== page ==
It’s been three weeks since the twin debt crises in the U.S. and Europe started hammering bond yields lower.
The Big 6 banks have still not passed along this cost savings by lowering advertised rates. (Lenders’ cost of funding fixed-rate mortgages typically drops as bond yields drop.)
Behind the scenes, however, discretionary fixed rates continue to fall. If you’re well-qualified and shopping around, you’ll find full-featured mortgage rates at or under:
3.49% for a 5-year fixed
3.00% for a 4-year fixed
2.80% for a 3-year fixed
2.60% for a 2-year fixed
2.59% for a 1-year fixed
2.15% for a 5-year variable
For a financially secure borrower who doesn’t plan to break his/her mortgage within 4-5 years, two terms are now in the value zone (i.e. they have the lowest implied interest cost):
The 5-year variable
The 4-year fixed.
The ideal mortgage depends, among other things, on your financial circumstances (see I.D.E.A.S.) and on global economic performance. The latter unfortunately can’t be known in advance, but you may nonetheless have opinions on it.
If you believe, for example, that the current economic slowdown and/or European debt crisis will worsen considerably, that thinking would be consistent with the Bank of Canada raising rates cautiously over the next five years (perhaps two hikes in mid-2012, a 12 month pause, and 100 bps of further tightening thereafter). Even a rate cut can’t be ruled out in this scenario.
In this sample case, our rate simulations find that a variable at 2.15% would offer the lowest hypothetical borrowing cost.
If instead, you expect the economy to rebound and inflation to make a comeback, and you think Europe will effectively resolve its sovereign debt challenges, then that would suggest a more aggressive Bank of Canada response (perhaps three hikes in mid-2012, a 12-month pause, followed by 125 bps of additional tightening).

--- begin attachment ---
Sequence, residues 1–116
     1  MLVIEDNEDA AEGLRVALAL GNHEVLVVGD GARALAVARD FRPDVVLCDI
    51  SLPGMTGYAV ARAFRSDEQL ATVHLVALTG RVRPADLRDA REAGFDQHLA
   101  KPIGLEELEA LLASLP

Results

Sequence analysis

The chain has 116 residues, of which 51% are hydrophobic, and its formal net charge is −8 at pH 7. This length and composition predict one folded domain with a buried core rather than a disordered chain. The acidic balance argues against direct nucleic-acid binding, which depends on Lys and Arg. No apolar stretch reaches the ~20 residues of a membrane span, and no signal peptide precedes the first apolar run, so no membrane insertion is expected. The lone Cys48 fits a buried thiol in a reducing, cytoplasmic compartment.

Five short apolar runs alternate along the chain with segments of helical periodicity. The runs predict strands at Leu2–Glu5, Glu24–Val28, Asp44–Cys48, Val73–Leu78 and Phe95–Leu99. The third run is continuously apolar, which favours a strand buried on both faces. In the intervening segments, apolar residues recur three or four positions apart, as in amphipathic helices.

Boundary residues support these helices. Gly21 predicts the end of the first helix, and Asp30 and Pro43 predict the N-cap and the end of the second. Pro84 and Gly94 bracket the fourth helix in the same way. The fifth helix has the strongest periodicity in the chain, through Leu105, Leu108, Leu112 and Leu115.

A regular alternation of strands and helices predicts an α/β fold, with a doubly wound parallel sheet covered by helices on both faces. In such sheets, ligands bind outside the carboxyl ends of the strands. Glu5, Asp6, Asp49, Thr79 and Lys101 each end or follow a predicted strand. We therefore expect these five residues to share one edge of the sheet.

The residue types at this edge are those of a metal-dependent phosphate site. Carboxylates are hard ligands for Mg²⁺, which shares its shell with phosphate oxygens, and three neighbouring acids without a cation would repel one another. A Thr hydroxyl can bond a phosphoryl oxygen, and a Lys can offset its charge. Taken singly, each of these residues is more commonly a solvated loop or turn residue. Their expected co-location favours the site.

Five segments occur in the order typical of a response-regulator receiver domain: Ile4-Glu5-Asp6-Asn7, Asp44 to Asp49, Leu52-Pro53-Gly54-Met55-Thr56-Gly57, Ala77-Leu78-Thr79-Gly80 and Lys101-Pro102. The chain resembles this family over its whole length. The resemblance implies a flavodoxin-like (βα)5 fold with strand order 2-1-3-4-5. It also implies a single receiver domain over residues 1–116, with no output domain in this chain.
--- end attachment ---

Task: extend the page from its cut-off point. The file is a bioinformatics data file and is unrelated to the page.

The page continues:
In that scenario, a 4-year fixed at 2.99% would be least costly. In year five (when the 4-year term matures), you could renew into a 1-year fixed, variable, or whatever the best value happens to be at the time.
Naturally, the above are just two of infinite scenarios that could play out over the next five years. Nonetheless, if you fiddle around with the assumptions slightly, the odds are still good that one of these two terms will yield the lowest total interest cost over the next five years. That’s why they’re among the best values in the market…as of today anyhow.
Sidebar: The rate simulations discussed above compare amortization tables for every term, and series of terms, over a similar 60-month period.
(A “series of terms” refers to two or more terms back-to-back. This includes cases where a borrower might get a 2-year fixed, for example, and then renew into a 3-year fixed.)
The simulations are based on deeply discounted rates, historical mortgage spreads (used for determining projected renewal rates) and on the above two rate scenarios (which we’ve adapted from recent Big 6 economist commentary).
Once a simulation is run, its amortization tables are then examined to see which term, or series of terms, entails the least interest expense over five years.
Results here should not be deemed a recommendation and projections are subject to change. It’s important to remember that there are economic events which no one can foresee. Those events often change the course of rates radically. Always speak with a licensed mortgage professional for advice suitable to your circumstances.
Rob McLister, CMT
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